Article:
There are various laws regulating oil and gas in Nigeria. The principals among these laws are the 1999 Constitution of Nigeria (as amended) and the Petroleum Act, which vested ownership and control of oil found anywhere in Nigeria in the Federal Government. This includes oil located within any land in Nigeria, under its territorial waters, continental shelf or within its exclusive economic zone. Government participation in the oil & gas industry is through the National Oil Company, the Nigerian National Petroleum Corporation (NNPC).

Nigeria has 10 pieces of legislation, excluding regulations and directives, regulating various aspects of the oil industry. The Petroleum Industry Bill (PIB) pending before the National Assembly aims to harmonize all the legislations and significantly restructures the industry, particularly the functions of the various regulatory agencies, with a view to eliminating overlaps. The draft law, among other objectives, aims to:

  • Make sweeping reforms by repealing laws like the Petroleum Act 1969.
  • Create new institutions to govern the operations of the industry, incorporation, and privatization of the Nigerian National Petroleum Corporation (NNPC).
  • Transform the existing unincorporated joint ventures between the multinational oil companies and the NNPC into incorporated joint ventures.

In an attempt to secure the passage of the bill, the government has divided the bill and intends to pass it in phases. The first one is the Petroleum Industry Governance Bill. The aims of the bills are to:

  • Establish a framework for the creation of commercially oriented and profit-driven petroleum entities.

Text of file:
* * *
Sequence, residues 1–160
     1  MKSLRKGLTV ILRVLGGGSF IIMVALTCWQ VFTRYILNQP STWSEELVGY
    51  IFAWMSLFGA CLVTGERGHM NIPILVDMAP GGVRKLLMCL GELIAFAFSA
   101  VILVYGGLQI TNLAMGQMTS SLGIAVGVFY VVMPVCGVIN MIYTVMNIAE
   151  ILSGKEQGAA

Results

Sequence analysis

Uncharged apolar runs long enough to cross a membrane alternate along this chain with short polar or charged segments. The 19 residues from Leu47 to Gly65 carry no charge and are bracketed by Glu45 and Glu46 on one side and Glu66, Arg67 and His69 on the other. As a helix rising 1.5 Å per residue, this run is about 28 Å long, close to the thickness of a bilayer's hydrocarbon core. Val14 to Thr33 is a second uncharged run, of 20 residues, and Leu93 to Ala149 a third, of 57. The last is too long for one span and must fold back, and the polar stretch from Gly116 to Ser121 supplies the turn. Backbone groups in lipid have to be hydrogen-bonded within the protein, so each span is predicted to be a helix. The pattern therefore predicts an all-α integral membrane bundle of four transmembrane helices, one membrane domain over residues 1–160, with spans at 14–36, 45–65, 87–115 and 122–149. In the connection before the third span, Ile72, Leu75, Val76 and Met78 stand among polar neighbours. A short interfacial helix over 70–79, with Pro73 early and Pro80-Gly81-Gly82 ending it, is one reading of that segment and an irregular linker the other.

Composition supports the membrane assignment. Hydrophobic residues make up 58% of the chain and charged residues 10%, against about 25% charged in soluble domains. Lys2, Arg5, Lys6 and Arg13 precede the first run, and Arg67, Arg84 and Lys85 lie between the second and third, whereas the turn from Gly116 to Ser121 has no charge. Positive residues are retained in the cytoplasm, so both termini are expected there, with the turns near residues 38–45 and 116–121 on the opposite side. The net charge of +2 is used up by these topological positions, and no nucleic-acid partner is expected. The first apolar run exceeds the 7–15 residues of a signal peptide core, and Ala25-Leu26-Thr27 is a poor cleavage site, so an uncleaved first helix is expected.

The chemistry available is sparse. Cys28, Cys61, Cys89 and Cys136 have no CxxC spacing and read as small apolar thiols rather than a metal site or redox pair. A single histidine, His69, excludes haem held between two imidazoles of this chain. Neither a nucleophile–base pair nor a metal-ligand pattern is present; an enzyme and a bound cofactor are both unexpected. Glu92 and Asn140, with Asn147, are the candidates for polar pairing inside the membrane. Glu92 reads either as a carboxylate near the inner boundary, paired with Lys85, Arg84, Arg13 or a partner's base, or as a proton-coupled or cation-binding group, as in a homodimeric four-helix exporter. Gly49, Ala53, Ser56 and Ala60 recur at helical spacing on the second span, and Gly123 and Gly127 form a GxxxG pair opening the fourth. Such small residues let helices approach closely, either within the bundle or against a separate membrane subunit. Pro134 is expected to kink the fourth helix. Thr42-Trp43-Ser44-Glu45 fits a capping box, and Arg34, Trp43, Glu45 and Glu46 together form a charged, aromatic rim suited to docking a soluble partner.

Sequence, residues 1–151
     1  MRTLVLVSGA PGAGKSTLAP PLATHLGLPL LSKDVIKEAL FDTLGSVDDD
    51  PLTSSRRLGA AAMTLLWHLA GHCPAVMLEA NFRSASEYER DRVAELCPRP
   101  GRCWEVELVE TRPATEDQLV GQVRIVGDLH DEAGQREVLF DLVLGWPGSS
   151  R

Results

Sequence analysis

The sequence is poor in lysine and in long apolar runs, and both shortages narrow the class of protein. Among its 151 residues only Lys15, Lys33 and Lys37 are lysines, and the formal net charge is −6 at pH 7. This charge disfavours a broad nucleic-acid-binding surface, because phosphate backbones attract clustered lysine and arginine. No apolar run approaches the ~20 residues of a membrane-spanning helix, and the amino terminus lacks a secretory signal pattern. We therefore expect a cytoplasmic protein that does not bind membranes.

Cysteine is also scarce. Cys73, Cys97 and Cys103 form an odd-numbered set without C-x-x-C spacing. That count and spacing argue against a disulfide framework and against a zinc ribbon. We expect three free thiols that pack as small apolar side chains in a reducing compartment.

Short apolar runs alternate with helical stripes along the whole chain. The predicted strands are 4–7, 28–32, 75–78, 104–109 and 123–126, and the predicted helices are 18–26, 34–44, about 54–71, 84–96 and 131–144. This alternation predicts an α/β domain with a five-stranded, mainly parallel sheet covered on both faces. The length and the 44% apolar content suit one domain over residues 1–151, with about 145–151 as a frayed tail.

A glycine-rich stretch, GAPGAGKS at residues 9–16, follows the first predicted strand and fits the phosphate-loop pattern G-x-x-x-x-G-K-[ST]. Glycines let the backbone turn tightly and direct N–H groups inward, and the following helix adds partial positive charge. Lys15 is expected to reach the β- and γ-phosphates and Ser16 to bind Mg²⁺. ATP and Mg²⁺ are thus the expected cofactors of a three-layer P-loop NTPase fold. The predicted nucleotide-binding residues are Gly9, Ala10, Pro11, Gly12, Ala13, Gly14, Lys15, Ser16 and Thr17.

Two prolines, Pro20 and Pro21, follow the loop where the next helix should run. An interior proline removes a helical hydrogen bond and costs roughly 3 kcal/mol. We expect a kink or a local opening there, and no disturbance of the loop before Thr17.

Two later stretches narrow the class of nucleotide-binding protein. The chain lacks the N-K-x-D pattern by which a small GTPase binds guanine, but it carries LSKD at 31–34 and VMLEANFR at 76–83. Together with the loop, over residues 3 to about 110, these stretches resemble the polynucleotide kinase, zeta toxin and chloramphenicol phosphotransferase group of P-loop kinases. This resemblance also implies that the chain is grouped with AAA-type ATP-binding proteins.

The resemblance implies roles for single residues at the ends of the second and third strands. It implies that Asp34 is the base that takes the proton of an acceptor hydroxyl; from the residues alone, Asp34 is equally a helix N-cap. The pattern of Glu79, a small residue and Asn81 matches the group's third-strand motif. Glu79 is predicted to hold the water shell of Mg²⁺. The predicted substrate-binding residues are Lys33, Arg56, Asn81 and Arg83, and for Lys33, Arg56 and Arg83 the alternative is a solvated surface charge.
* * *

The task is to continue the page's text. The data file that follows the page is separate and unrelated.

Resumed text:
• Ensure value is added and the international best practice of the petroleum industry is adopted.
  • Promote transparency in administering petroleum resources
  • Create an environment that allows petroleum industry operation

The upstream sector, the most active sector of the Nigerian petroleum industry, is largely export-focused and until recently dominated exclusively by international oil companies. The Nigerian government’s marginal fields licensing regime and its local content development drive have led to increased participation of indigenous oil companies in the petroleum industry.

The Constitution vests ownership of mineral resources, including oil and gas, exclusively in the federal government and further confers on the federal government the exclusive power to make laws and regulations for the governance of the industry.

Apart from the 1999 Constitution, the other legislations impacting, governing, and regulating the oil & gas sector in Nigeria are as follows:

  1. The Petroleum Act and the Schedules and Regulations made pursuant to it: the laws provide the framework for the licensing of oil and gas companies to engage in activities connected with the exploration, production, and transportation of crude oil;
  2. The Petroleum Profits Tax Act: it provides the framework under which the federal government obtains revenue from oil and gas operations by way of signature bonuses, royalties, and taxes;
  3. The Deep Offshore and Inland Basin Production Sharing Contracts Act: this Act gives incentives to oil and gas companies operating in the Deep Offshore and Inland Basin areas under Production Sharing Contracts (PSCs).
  4. The Nigerian National Petroleum Corporation Act: the Act establishes the NNPC and empowering it to participate directly in petroleum operations on behalf of the federal government;
  5. The Environmental Impact Assessment (EIA) Act – providing the framework for assessing the impact of oil and gas projects on the environment;
  6. The Federal Inland Revenue Service (FIRS) Establishment Act 2007 – detailing the statutory powers of the FIRS to collect all taxes, fees, levies, royalties, rents, signature bonuses, penalties for gas flaring, depot fees, including fees for oil prospecting licenses, oil mining licenses, etc.;
  7. The Education Tax Act – it provides for the imposition of annual taxes of 2 percent of assessable profits on oil and gas companies for the development of Nigeria’s educational sector;
  8. The Niger Delta Development Commission (Establishment) Act – it mandates the payment to the Commission by oil and gas companies of 3 percent of their annual budgets for the development of the Niger Delta areas where oil and gas are exploited;